Ben Stein is a writer, actor and host of Comedy Central's Turn Ben Stein On and Win Ben Stein's Money.  He also is a member of USA Today's board of contributors.

Source: USA Today Wednesday 11 July 2001

The Casino Economy

Using other people's money to become a millionaire

by Brian Easton

Use $20,000 as a deposit on a $100,000 house, borrow $80,000 from the bank.  Get a friendly valuer to say that the house is wrth $200,000.  Get the bank to lend you another $80,000 against the value of the house (so you have a mortgage of $160,000).  With the $80,000 cash that the bank has just given you, buy another four $100,000 houses and borrow another $80,000 on each house.  Get your pet valuer to double the price of the four new houses, so your houses are now worth $1,000,000.  You can borrow an extra $320,000.  Repeat.

After the third round of this magic, you will own $10.6 million of buildings, have debt of $8.48 million and equity of $2.12 million.  You are a millionaire, and you only started with $20,000!  If the reader is a little lost trying to follow the sums, don't worry.  Some who worked the system candidly admit that they lost track of their finances, too.

It is not quite as simple as that.  You will have to pay your helpful valuer, various bank fees, interest charges, and so on.  But it illustrates how by revaluing assets and raising debt on the new value, the business can obtain cash for repeating the miracle.

Hire a public relations specialist, who will convince the financial journalists that you are a terribly clever fellow, with a knack for spotting commercial opportunities.  The lenders will be impressed and come beating at your door.  Do another round.  (You will have to diversify into property and shares.)

Now you have $46.2 million of assets, with $34.08 million debt and $8.52 million equity.  Your picture is on the financial pages.  You are asked for advice on things you know nothing about, such as the economy.  (Your PR adviser says, "Praise free enterprise.")

People clamour to have a share of your wizardry, so reluctantly (of course) you agree to float on the sharemarket a portion of your private company.  Suppose you sell off half the shares at a 50% premium.  (And, again, for simplicity ignore the costs of PR, merchant bank, sharebroker and financial journalists.  The journalists get free trips to your meetings, dinner and wine, but usually not cash like the others.)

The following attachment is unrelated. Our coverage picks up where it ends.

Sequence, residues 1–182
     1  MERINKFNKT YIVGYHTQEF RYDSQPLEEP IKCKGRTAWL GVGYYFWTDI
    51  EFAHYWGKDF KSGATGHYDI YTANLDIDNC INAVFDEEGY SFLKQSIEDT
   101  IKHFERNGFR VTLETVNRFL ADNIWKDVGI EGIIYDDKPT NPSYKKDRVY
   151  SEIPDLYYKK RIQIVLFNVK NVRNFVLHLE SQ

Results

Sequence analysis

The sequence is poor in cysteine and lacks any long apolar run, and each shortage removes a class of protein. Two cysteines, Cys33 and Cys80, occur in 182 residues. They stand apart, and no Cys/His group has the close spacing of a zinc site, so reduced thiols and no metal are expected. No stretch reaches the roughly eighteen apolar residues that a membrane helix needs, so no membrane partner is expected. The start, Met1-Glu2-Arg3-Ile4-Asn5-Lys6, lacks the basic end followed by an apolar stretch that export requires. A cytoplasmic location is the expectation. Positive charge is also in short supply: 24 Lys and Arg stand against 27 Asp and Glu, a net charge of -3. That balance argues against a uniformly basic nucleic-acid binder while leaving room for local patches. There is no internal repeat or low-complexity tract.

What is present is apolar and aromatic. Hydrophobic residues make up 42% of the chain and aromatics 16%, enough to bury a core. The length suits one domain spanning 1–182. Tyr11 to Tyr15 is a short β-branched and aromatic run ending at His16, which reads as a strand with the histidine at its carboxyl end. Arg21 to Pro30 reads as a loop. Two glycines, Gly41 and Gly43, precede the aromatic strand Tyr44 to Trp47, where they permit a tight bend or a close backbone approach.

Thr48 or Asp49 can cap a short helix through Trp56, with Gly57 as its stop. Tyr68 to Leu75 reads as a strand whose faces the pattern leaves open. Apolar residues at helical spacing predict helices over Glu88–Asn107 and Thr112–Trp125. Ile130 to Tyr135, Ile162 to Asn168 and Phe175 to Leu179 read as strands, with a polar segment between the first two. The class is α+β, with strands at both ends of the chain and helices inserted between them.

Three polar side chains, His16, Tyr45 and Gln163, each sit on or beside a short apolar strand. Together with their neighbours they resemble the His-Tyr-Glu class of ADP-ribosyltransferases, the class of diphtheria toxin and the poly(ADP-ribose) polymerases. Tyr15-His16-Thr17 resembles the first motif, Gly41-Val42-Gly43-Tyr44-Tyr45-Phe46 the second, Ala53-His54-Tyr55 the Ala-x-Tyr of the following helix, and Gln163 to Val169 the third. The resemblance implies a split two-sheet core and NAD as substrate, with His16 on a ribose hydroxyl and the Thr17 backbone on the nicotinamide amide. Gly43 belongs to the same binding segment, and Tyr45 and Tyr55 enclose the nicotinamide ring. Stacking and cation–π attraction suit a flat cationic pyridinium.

Immediately after the float, you have $6.39 million in cash and shares worth $6.39 million that retain a controlling interest in your company.  The day after the float, the share price leaps another 50%, the stags who bought the shares sell them at a tidy profit, and happy share punters find thenselves owning shares in a company at more than twice the net (already grossly inflated) value of its assets.

The story keeps going, but, eventually, it comes out that your business is a fraud, the share price dives and the company becomes worthless.  The banks foreclose.  The assets are still there, but their true value is about half of what it was in the company books, there is no equity left.  Just a lot of debt.  Still, you have the $6.39 million from the float. Invest it wisely.

Grimy details aside, the point is that the $6.39 million cash return from the original $20,000 comes from other people's savings.  (The banks have made a loss, too, which does not affect their depositors, but the shareholders in the banks take a loss.)

I tell this fable because I continually meet people who expect to make fabulous returns on their investments, but who never ask what is the underlying process that generates the return.  Where does the cash come from?

During an asset (property or equity) boom, revaluation gives fictitious profits, which only become real when the asset is sold and turned into cash.  Now the overvalued asset is owned by some other investor who has given up the cash, but hopes to do the same.  It can be like passing a parcel that contains a bomb.

Of course, there are some genuinely high-returning investments, but they are few in number.  The typical investment gives a return of 3% above the rate of inflation.  By a bit of tweaking you might get it a little higher, or avoid paying tax.  Promises of easy 20% annual returns, say, in the current low-inflation climate are - well - problematic.

You may be cleverer than the average investor, or luckier.  Then again you are more likely to be below average (because the return is skewed).  High investment returns are often at the expense of ordinary investors, who find their savings consumed by other investors.  Keynes once described the sharemarket as a casino.  Casinos randomly redistribute people's savings, less a margin for the dealer.

Source: Listener 5 December 1998

Also see:

bulletWhy Microsoft Scares Me (the next page in this section) - So there you have it.  $3.1 billion from a tax loophole, $1.3 billion from its employees, and $0.7 billion from put warrants combine to give Microsoft over $5 billion from its own stock in fiscal 1999.  And it avoided paying $9 billion in wages.  All that from a company that only had $7.8 billion in net income!  And as long as the stock keeps going up, they can keep doing that ad infinitum...

For more articles relating to Money, Politics and Law including globalisation, tax avoidance, consumerism, credit cards, spending, contracts, trust, stocks, fraud, eugenics and more click the "Up" button below to take you to the Table of Contents for this section.

Back Home Up Next